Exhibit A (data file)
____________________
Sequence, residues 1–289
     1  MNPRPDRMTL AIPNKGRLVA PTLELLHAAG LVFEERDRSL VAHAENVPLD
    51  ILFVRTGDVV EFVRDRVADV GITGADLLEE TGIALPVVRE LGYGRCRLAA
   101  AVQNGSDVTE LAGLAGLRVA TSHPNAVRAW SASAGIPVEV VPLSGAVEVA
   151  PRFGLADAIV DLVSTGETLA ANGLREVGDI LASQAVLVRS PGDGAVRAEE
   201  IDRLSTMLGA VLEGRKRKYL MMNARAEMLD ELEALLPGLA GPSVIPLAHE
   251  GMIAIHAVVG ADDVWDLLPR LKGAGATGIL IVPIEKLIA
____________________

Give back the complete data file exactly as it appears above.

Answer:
Sequence, residues 1–289
     1  MNPRPDRMTL AIPNKGRLVA PTLELLHAAG LVFEERDRSL VAHAENVPLD
    51  ILFVRTGDVV EFVRDRVADV GITGADLLEE TGIALPVVRE LGYGRCRLAA
   101  AVQNGSDVTE LAGLAGLRVA TSHPNAVRAW SASAGIPVEV VPLSGAVEVA
   151  PRFGLADAIV DLVSTGETLA ANGLREVGDI LASQAVLVRS PGDGAVRAEE
   201  IDRLSTMLGA VLEGRKRKYL MMNARAEMLD ELEALLPGLA GPSVIPLAHE
   251  GMIAIHAVVG ADDVWDLLPR LKGAGATGIL IVPIEKLIA